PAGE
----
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DENVER -- Should a threat made by one teenager prevent half a million others from going to class?
For many of you, that answer was simple — your child wasn't going to class regardless of a district's decision. Yet we heard from others who believe this is a slippery slope.
Erring on the side of caution
"The inconvenience is worth the chance of our kids being safe," said parent Mark Feldmier.
"Yes, I think they had to be safe," said another parent, Betty Kuehner.
"I'd rather err on the side of caution, "said Amanda Cross.
The majority of the people Denver7 spoke with agreed with the decision made by more than 150 school districts across the Front Range to cancel classes Wednesday, but enough parents disagreed to warrant a 360 look at the issue.
Student traumatized by the threat
"I was like, panicking; I thought someone was going to get shot at my school," said Legend High School student Ethan Reed, who watched his fellow students react in terror as news of the lockout spread.
Reed said closing his school was the right choice, but now he's not sure when he'll return.
"I'm still really scared about what could happen tomorrow," he said.
Parents split on decision from district, think more should be done
Reed's mother, Kathleen Miller-Reed, agreed with the decision and says permanent armed security guards may be what schools need to deter future problems.
"At what point and how armed they are is unclear, but I definitely think there should be security in schools," she said.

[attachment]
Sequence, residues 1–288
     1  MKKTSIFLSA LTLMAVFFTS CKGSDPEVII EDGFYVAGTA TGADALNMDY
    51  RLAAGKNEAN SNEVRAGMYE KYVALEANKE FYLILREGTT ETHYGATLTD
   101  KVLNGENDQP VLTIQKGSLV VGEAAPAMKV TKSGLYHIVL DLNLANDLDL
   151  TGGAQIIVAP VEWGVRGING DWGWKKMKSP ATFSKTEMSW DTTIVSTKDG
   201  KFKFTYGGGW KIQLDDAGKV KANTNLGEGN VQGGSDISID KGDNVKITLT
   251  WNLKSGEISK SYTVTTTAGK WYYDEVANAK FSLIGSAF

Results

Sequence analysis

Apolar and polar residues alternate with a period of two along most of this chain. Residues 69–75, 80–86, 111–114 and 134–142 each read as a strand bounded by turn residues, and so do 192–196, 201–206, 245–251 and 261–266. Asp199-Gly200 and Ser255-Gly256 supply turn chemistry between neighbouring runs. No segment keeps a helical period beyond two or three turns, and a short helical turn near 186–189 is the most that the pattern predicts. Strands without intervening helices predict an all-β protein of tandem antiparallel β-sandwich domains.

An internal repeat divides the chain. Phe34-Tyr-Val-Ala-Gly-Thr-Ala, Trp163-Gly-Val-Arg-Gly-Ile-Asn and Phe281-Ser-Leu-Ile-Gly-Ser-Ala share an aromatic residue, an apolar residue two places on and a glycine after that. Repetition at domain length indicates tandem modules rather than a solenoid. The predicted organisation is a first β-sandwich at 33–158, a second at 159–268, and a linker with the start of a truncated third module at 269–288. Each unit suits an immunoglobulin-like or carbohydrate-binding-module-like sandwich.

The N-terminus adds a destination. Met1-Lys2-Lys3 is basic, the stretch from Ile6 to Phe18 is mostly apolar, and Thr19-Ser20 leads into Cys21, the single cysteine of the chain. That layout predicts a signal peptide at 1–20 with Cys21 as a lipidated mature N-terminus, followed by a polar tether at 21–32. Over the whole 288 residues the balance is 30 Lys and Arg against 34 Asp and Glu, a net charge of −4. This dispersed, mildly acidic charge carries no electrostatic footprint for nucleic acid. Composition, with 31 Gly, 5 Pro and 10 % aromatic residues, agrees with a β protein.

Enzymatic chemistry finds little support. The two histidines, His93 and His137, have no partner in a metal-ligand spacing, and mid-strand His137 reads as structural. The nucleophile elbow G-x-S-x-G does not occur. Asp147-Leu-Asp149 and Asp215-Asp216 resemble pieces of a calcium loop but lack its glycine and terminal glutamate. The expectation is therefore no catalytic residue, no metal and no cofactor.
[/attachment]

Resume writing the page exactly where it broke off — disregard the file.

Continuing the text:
But other parents disagreed.
Warren Kuehner says adding more guns to the mix, through added security or otherwise, is not the answer.
"I think we need to do more to think about the gun culture in this country, in addition to just arming everyone to the teeth," said Kuehner.
George Vlcek says this was all overkill and holding hundreds of thousands of Colorado kids out of school because of an 18 year old is the wrong move.
"Seems like they could have held them, secured them more without closing the schools down," he said.
On social media, Linda agreed strongly, saying shutting down schools "gave the power to one person whose actions affected 600,000. Why don't schools start taking action and install metal detectors at every school?" she asked.
But Tony Dagostino said parents would be demanding answers from officials if something terrible ended up happening.
"If something had happened where things got out of control and they didn't close the schools, then people would have been talking about how they didn't do enough," he said.
School administrator defends the closures
Dr. Jason Glass, the Jeffco Schools Superintendent, sympathized with angry parents but said closing the schools was the right thing to do.
"With Columbine and two other school shootings in our history, we have quite a robust system of safety and support deployed and out in place in instances like these, but it is disruptive," he said.
Pro-gun group in Colorado says schools are unprepared
"Today's incident just showed Coloradans how unprotected their schools are," said Dudley Moore of the Rocky Gun Owner's Group.
Moore further stated the Brady Handgun Violence Prevention Act, more commonly known as the Brady Act, "actually worked in this case because she was legally able to purchase a firearm."
FBI agent says the ends justify the means
"I've heard from parents who say, 'My God, this is what one 18-year-old girl can do to the Front Range and half a million students or more. What do you say to parents who say this was an overreach?," asked a reporter during a news conference Wednesday.
"As a parent? I would say, 'thank you to the school system for protecting my child,'" said FBI special agent Dean Phillips.
The more than half a million students who missed classes on Wednesday will return to classes Thursday, officials from school districts across the Front Range said by the end of the day. All school activities will go back to normal, but there will be an increased safety presence and heightened security measures in place.